When Bad Christmas Parties Happen To Good People - Part 3
Employers are liable for what happens at out of hours work social events. Whilst the vast majority of Christmas parties pass without incident, when what happened at the Christmas party does not stay at the Christmas party, managers and HR may end up with a headache that lasts much longer than a typical hangover.
Christmas turkey number 3 – Alcohol and poor performance
Most employers will probably expect a dip in productivity the day after the Christmas party. However, there is a line between the allowances that an employer will make and those that it will not.
Employees who are under the influence at work can create huge problems for employers:
- The impaired judgement that results can create high levels of risk for the business/institution and its clients/users.
- Employers also have duties of care to their employees - allowing employees to work whilst under the influence could breach these duties and will certainly do so where their job involves driving.
Employers should have clear policies on alcohol and substance misuse in their handbooks and make sure employees are aware of what the rules are. For example, by making it clear that being under the influence of alcohol at work may be considered to be gross misconduct.
However, employers should nonetheless be cautious when considering dismissing employees for suspected alcohol use and, even if they think that they have a fair reason to dismiss, make sure that they are acting reasonably.
In one case, a doctor had been reported to have smelled of alcohol at work. The Trust suspended him and asked him to visit occupational health. The doctor attended one appointment with OH but, after the Trust considered that OH had overlooked one factor, refused to attend a subsequent appointment. The Trust decided to dismiss the employee as a result. The Employment Tribunal found that this dismissal was unfair because: (i) from its findings, there was no evidence to show that the employee had not been fit to carry out his duties; and (ii) it was not proportionate to have dismissed the employee for failing to attend an OH appointment.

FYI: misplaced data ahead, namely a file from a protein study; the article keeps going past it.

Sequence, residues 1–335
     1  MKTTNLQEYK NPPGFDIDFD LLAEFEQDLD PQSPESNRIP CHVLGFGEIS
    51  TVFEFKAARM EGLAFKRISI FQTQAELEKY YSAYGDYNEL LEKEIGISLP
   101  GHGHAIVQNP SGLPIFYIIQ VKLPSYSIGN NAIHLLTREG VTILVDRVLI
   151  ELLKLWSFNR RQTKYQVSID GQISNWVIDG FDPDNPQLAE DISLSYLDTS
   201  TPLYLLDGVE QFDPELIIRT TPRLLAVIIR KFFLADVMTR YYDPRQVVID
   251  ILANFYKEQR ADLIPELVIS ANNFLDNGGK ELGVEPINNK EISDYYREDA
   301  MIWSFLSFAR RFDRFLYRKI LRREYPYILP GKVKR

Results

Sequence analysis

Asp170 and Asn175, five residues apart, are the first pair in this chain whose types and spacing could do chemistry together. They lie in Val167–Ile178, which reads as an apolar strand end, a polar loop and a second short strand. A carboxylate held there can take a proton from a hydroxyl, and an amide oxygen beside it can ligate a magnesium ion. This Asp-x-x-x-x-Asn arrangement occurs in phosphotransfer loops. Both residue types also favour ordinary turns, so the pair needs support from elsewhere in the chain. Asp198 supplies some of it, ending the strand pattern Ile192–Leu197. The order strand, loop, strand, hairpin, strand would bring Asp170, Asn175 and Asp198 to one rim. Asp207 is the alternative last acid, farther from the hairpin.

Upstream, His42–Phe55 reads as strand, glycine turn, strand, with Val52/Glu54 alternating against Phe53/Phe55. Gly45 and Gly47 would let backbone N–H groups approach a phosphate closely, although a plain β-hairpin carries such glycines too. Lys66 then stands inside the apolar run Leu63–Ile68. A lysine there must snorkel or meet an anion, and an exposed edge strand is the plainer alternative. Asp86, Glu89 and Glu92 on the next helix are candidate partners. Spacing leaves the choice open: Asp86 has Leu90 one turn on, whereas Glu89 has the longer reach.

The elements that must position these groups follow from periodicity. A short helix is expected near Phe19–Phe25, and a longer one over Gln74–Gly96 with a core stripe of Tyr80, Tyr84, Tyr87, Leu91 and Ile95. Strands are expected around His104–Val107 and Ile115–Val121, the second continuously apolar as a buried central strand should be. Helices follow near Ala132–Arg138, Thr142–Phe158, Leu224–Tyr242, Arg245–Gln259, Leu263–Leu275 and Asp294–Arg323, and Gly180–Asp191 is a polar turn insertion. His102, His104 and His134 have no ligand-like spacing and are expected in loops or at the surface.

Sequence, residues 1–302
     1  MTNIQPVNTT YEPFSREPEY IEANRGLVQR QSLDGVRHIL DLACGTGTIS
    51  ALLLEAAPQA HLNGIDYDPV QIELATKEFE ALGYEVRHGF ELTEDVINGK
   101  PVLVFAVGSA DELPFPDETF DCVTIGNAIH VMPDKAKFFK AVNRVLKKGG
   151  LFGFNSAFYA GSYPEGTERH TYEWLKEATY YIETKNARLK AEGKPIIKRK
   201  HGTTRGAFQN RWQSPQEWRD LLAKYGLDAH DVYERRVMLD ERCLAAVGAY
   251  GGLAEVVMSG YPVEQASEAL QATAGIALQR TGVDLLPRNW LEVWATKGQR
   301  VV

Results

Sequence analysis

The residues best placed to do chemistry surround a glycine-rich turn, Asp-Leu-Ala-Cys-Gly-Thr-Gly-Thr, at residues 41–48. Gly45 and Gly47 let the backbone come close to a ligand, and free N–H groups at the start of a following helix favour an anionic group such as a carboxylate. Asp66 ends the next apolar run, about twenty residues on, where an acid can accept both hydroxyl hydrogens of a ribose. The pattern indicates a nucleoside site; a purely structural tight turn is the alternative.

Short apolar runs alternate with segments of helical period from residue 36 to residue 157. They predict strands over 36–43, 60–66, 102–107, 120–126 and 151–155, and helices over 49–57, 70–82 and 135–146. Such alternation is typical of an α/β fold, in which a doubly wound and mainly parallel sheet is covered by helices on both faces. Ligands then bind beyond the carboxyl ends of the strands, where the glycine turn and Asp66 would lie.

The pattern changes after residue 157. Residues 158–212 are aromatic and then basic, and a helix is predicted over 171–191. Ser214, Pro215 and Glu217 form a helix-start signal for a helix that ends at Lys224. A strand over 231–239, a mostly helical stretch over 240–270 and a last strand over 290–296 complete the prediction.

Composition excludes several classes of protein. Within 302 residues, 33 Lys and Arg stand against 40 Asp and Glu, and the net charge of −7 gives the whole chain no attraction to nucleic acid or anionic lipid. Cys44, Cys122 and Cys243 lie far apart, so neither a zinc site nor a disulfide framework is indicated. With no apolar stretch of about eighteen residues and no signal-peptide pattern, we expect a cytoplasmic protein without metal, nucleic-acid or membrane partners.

However, employees are not the only ones who may fall foul of the festive season. It can also prompt employers to make some mistakes that they may not make at other times of the year:
- The knee-jerk reaction: Tales of what happened at the Christmas party have often been passed from person to person and may well be exaggerated by the time they reach the ears of management. Employers should bear in mind that they need to investigate any concerns before they act. It may be appropriate in some cases to suspend an employee whilst they conduct an investigation but employers should always investigate matters thoroughly before dishing out sanctions.
- Let’s get it over by Christmas: The lead up to Christmas in workplaces is often remembered for the to-do list that precedes it. There is a temptation to deal with disciplinary or performance issues ahead of the festive period. Whilst that may be desirable all round, rushing through a dismissal at the expense of a proper investigation and/or a fair procedure could be costly in the long run.
- Timing is key: The one caveat to the above is to remember that employees only qualify for unfair dismissal once they have been employed for two years. Employers should be mindful of this when considering how they deal with misconduct or poor performance. For example, someone on a probationary period who misbehaves at the Christmas party may just not be the right fit for the business. That being said, employees without two years’ service still have protection from discrimination and whistleblowing detriments and employers should always explain why they are making their decisions and ensure that they have a lawful reason for termination.
If employers have well-drafted policies and act promptly and proportionately, there is no need to cancel the Christmas party. However, knee-jerk reactions may result in an expensive list of resolutions in the New Year.